Access to economic opportunities that can build wealth for a family year in and year out, generation after generation, and a vibrant civic life, is out of reach for many rural and industrial communities. These communities have persistently dealt with climate change, social injustice, and income inequality. And to add insult to injury, the COVID-19 pandemic has made it remarkably clear the hardships these communities have endured. More than ever, an investment in sustainable, climate-resilient infrastructure and clean energy sources that also create good-paying middle class jobs becomes more urgent. And on a basic level, the U.S. has an opportunity to ensure that those omitted from broadband access now have digital access.
To promote sustainable communities across the U.S., the federal government has the opportunity to enable access to clean energy solutions for the most underserved communities, create new investment opportunities while supporting workers in transitioning to clean energy jobs, and help direct capital toward industries fighting climate change.
PCV’s expansive discussion paper – Meeting The Moment — examines how impact investing policy can be used to help private capital address inequality and support COVID-19 recovery efforts in the U.S.
While big, well-financed businesses have streamlined to remote work and an e-commerce approach, enterprises lacking resources to incur the additional expense of funding their staff with “work from home” capabilities, such as access to internet and technology, had to make staffing arrangements (layouts or furloughs). By utilizing the blended finance model and incorporating these three initiatives at the federal level, there is an opportunity for economic security, civic engagement, and a reliable and healthy environment.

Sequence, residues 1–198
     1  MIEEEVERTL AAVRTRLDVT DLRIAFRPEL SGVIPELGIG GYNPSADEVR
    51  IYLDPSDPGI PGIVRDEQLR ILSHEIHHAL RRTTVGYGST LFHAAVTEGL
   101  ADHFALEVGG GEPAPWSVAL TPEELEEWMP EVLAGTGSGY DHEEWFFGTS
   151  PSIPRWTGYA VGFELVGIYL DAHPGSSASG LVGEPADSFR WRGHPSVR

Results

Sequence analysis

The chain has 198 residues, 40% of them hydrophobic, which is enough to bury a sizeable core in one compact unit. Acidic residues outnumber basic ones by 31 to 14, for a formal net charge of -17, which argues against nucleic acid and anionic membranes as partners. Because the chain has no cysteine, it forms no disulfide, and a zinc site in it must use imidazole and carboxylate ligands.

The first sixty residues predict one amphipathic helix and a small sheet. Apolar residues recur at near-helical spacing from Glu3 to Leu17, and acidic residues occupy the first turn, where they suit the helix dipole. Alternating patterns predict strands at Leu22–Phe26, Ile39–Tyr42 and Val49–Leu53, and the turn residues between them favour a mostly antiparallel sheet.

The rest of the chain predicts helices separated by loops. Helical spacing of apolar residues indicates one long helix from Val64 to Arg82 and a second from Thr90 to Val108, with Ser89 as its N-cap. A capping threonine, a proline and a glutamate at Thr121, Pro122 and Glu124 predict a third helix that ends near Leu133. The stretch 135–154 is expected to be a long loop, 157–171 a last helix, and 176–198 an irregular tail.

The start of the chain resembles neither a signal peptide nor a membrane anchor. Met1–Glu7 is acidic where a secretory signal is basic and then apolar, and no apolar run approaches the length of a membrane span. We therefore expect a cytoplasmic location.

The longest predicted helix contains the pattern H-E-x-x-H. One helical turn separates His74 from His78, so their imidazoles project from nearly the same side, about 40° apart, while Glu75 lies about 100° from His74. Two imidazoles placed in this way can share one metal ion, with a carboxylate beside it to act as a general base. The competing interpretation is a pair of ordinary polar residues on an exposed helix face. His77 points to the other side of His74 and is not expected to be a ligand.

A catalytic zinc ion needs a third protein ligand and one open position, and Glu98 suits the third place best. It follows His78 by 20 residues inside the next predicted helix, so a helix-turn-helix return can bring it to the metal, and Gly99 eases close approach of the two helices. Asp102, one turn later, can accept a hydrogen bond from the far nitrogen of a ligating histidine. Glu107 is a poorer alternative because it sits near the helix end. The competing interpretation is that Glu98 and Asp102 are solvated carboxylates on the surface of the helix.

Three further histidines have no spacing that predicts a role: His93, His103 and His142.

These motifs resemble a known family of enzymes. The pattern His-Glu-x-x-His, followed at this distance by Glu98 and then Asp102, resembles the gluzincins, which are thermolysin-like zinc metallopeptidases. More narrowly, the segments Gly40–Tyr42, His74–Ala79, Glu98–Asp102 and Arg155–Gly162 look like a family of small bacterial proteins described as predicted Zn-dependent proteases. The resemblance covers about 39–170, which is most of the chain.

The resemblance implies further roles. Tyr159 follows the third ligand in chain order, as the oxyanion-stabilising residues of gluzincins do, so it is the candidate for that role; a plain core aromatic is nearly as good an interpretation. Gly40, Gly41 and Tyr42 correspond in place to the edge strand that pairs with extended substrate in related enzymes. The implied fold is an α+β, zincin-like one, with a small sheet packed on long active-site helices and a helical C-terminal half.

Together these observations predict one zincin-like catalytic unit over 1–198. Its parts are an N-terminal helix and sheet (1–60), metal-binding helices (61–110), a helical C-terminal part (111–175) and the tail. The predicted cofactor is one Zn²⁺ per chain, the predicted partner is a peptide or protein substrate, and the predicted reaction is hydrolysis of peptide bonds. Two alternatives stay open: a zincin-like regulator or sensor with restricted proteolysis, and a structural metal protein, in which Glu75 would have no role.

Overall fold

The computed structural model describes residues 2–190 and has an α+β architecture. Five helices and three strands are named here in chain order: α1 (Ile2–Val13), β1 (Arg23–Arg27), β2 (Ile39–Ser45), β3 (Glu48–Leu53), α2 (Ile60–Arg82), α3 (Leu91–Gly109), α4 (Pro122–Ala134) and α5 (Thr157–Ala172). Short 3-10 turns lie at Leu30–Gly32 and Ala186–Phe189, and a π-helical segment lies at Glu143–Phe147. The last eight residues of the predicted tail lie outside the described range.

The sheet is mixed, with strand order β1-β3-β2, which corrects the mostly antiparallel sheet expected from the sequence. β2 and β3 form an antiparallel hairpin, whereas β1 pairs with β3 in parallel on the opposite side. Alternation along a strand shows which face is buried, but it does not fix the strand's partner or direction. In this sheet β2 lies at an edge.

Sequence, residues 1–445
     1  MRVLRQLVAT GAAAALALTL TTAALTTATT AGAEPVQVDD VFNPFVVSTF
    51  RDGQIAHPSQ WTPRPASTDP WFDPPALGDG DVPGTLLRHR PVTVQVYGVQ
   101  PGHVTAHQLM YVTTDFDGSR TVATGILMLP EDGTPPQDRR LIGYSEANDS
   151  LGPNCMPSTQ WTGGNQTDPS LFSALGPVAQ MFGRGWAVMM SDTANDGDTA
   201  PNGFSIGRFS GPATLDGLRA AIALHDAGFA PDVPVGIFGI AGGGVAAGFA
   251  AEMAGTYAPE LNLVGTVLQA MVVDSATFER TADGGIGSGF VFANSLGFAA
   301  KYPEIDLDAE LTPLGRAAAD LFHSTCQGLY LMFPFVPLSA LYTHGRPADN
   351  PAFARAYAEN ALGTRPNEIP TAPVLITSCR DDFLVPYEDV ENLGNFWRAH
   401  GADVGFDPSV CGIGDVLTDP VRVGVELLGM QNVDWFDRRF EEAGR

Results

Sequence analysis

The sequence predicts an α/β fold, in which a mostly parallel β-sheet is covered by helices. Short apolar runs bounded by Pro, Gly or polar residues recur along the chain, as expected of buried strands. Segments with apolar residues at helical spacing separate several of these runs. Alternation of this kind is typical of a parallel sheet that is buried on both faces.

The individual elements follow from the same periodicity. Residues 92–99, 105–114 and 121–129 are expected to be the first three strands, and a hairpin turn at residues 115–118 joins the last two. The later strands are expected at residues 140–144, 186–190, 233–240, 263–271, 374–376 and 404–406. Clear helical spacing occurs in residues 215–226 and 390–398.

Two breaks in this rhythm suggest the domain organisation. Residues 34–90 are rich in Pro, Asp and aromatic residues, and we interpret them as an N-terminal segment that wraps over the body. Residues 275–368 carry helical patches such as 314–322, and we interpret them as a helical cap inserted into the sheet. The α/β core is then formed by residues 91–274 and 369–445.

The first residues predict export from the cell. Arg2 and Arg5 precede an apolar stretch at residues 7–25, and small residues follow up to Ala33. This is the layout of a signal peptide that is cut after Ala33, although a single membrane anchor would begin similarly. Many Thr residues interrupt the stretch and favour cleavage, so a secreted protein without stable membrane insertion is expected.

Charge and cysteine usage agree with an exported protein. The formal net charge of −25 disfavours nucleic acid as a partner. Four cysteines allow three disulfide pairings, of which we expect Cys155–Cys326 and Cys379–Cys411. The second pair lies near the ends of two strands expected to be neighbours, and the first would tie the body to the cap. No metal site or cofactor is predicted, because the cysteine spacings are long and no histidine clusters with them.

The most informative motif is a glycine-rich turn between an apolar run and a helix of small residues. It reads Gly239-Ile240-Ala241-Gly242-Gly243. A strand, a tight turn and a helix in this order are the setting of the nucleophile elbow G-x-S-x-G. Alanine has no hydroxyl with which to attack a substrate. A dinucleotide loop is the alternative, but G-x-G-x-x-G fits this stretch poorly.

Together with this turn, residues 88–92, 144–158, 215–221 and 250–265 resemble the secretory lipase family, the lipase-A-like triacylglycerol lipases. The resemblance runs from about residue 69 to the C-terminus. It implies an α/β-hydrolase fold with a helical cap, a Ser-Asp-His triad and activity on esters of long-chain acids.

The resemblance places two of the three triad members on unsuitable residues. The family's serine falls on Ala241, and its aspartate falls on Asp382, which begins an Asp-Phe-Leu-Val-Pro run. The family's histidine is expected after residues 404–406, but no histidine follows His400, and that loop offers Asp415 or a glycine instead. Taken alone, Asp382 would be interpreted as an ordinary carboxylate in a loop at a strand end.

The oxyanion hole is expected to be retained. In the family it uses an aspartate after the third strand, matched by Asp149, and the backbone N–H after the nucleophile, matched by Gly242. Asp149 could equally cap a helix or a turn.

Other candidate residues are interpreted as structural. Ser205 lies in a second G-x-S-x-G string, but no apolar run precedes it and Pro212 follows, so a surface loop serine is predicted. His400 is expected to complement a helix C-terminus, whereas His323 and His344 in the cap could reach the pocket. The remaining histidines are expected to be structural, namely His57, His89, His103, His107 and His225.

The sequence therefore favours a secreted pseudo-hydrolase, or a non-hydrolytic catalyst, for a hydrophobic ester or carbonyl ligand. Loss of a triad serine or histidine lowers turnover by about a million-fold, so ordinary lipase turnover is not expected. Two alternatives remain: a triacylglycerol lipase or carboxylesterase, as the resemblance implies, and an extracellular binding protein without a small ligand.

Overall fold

Expand the Rural Digital Opportunity Fund
This will drive capital to expand digital access across American while simultaneously providing millions of low-income and/or rural Americans access to broadband. Broadband access will allow these communities to tap into critical virtual resources, such as healthcare, entrepreneurship, jobs, and education.
With 42 million Americans lacking access to a broadband connection, the Federal Communications Commission (FCC) launched the Rural Digital Opportunity Fund in February 2020 to provide broadband networks in underserved rural areas. The FCC can expand the fund’s reach to incentivize impact investors to fund innovative models of broadband connections that can de-risk impact investments. While using a blended finance model, a partial risk guarantee provided by the federal government can support innovations that drive additional, catalytic impact capital toward new initiatives, creating savings from smart grid deployment.
Create a Federal Environmental Transition Office
This approach will provide rural Americans employed by the coal industry greater access to high-quality jobs, training for transition to quality jobs in other industries, and drive the community to “Just Transition” clean energy.
Implementing a national program that supports coal workers in accessing education and training opportunities for high-quality jobs and providing grants to entities in coal transition communities can ensure coal-transition workers will have access to higher-quality and well-compensated jobs. With the federal government implementing this program in the Department of Labor office in Colorado, this office could house renewable energy infrastructure funds that impact investors who can act as co-investors alongside the government, providing funding for state-level just offices in coal-producing states.
Establish a Federal Solar for All Initiative
This idea can increase solar power access for millions of low-income communities, regardless of homeownership status, and increase job creation in the clean energy sector.
Under the proposed Clean Energy Jobs Act, the Solar of All Initiative allows 25 percent of the funds to be used for projects located in ‘environmental justice communities,’ or areas that suffer disproportionately from pollution. By establishing a Federal Solar for All initiative, a national strategy can provide funding and resources to existing Solar for All programs and support states and localities in developing their programs. These incentives can increase an opportunity for impact investors to finance solar energy in rural communities and communities of color that have experienced firsthand the effects of pollution and seen decades of disinvestment.